Here at Team Traeger, we have cooked enough turkeys over the years to feed every pilgrim on the Mayflower. We were fully convinced that we had done it all. Brine, dry brine, rub, stuff, smoke, roast... you name it. We've cooked it. We thought we knew the very best way to prep that glorious bird and please every palate. Then, one fateful Tuesday we were roasting up this spatchcocked chicken and the thought dawned on us that the method would likely translate well to a turkey as well. Turns out, we weren't the first people to think of it (thanks for the buzz kill, internet) but we were the first to perfect it because we threw that flattened turkey on our Traeger. We all know that wood smoke makes everything more delicious.
For any of you reading this post and thinking, "why take the extra step to spatcock the turkey?" I give you the three best reasons any cook would want (especially on Thanksgiving.) Flavor, Time, and Space.
First, FLAVOR: A spatchcocked turkey has many advantages when it comes to flavor. Think about a traditionally cooked turkey. The smoky flavor coming from your Traeger circulates around the bird, penetrating it only from the outside while the large surface area inside goes un-smoked. Now imagine a flattened bird on your grill grate. The smoke is touching every available inch of your turkey, adding that extra hint of flavor from the bottom to the top and all around. A flat bird also ups the juiciness factor. How many times have you cooked a turkey and dried out the breast meat while trying to get the thighs up to the perfect temperature? With a spatchcocked turkey, cooking the thighs and breast meat takes the same amount of time because the heat is more evenly distributed throughout the bird. A flat bird also keeps the juices right where they should be. No juices from the breast running down into the back of the bird. The breast stays nice and juicy and the thighs are perfectly tender.
Second, TIME: A flattened bird cooks in almost half the time of a traditional turkey. There are several methods for cooking a turkey on your Traeger, and they all work well for a spatchcocked turkey. We cooked ours slowly at 225 degrees to up the smoke flavor but you can also roast at 350 degrees and still get great flavor in a lot less time. A 12-14 lb bird will take approximately 2.5-3 hours at 225 degrees but only 1.5-2 hours at 350 degrees. Talk about a time saver on the busiest cooking day of the year! Our general guide is to cook your spatchcocked turkey for 11-12 minutes per pound at 225 degrees or 6-7 minutes per pound at 350 degrees.
Last of all: SPACE: Let's face it, a big bird needs a big space to cook and real estate on our grill grate is at a premium around the holidays. When we spatchcocked our turkey, it took up a little more space across the surface of the grill but opened up the top space in the grill. We used the extra rack in our Texas and were able to put three sides on the top rack to cook along with the turkey and still had enough space on the grill grate to roast several sweet potatoes as sides.
Below you'll find our method for cooking a spatchcocked turkey. It involves a brine, a simple salt and pepper rub, and basting during the slow smoke but you can switch out any of these parts for flavors your family likes. Just follow the guide above for proper cooking time and you'll be all set!
Traeger's Thanksgiving Smoky Spatchcocked Turkey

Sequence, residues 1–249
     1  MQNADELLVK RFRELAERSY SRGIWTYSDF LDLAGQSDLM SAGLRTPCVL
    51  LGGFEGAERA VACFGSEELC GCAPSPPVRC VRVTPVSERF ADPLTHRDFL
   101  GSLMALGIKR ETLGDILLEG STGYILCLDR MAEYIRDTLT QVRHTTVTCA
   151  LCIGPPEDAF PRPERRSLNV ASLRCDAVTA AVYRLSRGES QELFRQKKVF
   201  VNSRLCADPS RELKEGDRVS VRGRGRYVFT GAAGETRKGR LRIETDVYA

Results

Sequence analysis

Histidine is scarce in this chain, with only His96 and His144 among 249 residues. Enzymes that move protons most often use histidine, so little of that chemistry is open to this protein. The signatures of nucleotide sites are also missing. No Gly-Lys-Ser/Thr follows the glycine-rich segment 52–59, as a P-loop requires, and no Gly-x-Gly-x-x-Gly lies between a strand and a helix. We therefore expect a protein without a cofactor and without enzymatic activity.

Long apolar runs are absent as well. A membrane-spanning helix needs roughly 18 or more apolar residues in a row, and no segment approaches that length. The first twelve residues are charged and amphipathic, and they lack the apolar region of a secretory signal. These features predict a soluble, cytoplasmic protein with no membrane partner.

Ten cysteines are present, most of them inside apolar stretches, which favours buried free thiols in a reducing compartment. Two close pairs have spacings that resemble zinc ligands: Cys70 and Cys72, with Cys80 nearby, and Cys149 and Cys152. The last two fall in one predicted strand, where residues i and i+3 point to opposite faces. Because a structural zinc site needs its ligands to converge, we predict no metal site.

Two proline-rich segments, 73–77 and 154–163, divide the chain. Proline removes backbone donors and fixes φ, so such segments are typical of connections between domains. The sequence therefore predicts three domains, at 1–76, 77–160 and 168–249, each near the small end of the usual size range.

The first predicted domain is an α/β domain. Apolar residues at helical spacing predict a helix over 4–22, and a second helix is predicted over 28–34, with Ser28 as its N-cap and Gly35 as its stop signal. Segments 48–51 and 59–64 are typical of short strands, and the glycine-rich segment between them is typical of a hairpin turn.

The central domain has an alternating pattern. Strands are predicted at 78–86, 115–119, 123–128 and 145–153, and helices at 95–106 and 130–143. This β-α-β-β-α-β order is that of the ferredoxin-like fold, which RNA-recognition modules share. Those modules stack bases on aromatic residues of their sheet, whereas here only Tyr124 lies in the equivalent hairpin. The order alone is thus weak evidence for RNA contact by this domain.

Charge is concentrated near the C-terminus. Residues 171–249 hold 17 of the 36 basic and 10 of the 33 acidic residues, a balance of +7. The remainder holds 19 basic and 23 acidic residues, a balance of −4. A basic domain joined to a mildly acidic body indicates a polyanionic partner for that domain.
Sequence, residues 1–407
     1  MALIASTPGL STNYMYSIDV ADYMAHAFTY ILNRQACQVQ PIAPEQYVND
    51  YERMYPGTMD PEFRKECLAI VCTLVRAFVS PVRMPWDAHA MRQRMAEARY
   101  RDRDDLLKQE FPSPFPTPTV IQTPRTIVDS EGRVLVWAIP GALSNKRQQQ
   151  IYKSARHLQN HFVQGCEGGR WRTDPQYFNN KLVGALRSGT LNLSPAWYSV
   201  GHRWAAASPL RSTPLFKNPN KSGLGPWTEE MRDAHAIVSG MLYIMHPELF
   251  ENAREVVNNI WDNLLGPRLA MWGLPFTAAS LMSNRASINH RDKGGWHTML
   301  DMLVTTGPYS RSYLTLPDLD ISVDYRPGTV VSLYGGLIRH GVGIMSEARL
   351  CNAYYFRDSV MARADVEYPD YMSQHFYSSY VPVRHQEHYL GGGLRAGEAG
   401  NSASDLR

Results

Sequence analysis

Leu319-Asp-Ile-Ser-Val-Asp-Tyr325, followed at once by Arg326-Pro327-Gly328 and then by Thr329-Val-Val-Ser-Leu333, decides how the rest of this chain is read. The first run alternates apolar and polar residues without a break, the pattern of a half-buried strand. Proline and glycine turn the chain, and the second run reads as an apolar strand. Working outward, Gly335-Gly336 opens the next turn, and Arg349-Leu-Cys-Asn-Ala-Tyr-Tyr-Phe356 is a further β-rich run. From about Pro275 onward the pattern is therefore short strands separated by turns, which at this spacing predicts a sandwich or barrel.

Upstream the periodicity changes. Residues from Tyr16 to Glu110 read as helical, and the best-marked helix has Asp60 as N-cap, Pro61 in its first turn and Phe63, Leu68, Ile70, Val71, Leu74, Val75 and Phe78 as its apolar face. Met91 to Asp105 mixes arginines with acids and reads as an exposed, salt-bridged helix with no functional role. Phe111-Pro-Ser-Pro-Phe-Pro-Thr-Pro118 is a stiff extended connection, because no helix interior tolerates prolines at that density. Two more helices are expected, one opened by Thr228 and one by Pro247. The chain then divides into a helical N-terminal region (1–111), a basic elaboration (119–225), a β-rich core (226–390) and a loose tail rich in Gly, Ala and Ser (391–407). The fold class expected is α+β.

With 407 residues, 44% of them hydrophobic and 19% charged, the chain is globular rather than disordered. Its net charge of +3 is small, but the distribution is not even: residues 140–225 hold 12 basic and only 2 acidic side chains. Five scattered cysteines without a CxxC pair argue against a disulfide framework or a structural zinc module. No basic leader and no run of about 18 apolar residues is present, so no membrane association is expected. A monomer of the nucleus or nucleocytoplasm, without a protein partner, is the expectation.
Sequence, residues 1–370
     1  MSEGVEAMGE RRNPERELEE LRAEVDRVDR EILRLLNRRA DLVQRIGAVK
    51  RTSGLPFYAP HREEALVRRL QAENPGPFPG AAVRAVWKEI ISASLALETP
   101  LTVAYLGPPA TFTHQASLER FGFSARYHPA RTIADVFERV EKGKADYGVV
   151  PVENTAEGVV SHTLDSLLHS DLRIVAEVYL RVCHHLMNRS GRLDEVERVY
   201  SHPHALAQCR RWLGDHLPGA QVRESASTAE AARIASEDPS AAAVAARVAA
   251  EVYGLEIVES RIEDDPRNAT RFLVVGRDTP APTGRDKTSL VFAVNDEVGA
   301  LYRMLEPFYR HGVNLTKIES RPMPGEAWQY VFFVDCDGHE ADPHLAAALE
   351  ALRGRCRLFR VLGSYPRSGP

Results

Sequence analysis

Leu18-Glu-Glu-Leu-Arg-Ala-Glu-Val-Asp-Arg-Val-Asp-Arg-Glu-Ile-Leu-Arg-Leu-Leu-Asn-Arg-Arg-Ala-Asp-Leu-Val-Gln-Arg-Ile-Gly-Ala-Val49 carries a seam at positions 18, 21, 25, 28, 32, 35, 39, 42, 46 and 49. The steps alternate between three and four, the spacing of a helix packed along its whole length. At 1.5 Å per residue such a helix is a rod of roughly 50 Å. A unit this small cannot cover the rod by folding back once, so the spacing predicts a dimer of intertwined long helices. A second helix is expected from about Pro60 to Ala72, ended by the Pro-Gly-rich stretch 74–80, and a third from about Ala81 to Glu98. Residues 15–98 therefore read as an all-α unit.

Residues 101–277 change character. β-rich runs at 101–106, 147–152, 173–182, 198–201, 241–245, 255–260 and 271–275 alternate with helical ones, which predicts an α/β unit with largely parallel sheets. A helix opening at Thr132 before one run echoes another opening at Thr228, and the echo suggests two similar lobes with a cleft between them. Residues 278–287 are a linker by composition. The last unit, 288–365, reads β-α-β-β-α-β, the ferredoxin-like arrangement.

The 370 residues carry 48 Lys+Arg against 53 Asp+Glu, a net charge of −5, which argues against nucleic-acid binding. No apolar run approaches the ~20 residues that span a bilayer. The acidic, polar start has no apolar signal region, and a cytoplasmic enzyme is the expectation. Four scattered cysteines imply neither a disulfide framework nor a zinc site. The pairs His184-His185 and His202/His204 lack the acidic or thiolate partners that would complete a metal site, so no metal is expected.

Prep Time: 20 minutes
Brine Time 8-16 hours
Cook Time: 2.5 hours
Serves: 12-14 people
12-14 lb fresh turkey (make sure it hasn't been previously injected with a brine solution)
For the brine:
16 cups cold water
2 cups apple cider
1 1/2 cups kosher salt
1 cup brown sugar
For the rub:
Extra Virgin Olive Oil
Freshly cracked black pepper
For the basting liquid:
4 tablespoons melted butter
1 tablespoon fresh sage, finely chopped
1 tablespoon fresh lemon juice
Remove the neck and giblets from the turkey and discard or set aside for giblet gravy, if desired. Flip the bird breast side down on a large cutting board or baking sheet and remove the backbone completely using heavy duty kitchen shears, an electric knife, or a sharp butcher's knife.
Turn the bird breast side up and spread apart the legs. Press heavily on the breastbone of the turkey until you hear a cracking sound and the turkey flattens out.
Combine all of the ingredients for the brine in a large container and stir until all of the sugar and salt crystals have dissolved. Place the turkey in the brine, cover, and refrigerate for at least 8 hours (up to 16).
When ready to cook, start the Traeger grill on Smoke with the lid open for 4-5 minutes to establish the fire. Close the lid and turn the temperature setting up to 225 degrees. Allow the grill to preheat for 10-15 minutes while you prepare the turkey.
Remove the turkey from the brine and dry throroughly with paper towels. Drizzle with olive oil and rub with your hands to cover all of the skin with the oil. Season liberally with kosher salt and cracked black pepper.
In a small bowl, combine the butter, lemon and sage butter basting liquid. Set aside.
Place the turkey directly on the grill grate, breast side up and close the lid. Roast at 225, basting with the butter mixture every 30 minutes for approximately 2.5 hours or until an instant read thermometer inserted into the breast meat reads 160 degrees F.
Remove the turkey to a large cutting board or serving platter and allow to rest for at least 25-30 minutes before slicing and serving. Do not tent the turkey with foil during the resting period or the skin will get soggy. Drizzle with any of the additional basting liquid before serving, if desired. Enjoy!
Smoky Spatchcocked Turkey.docx (14.83 kb)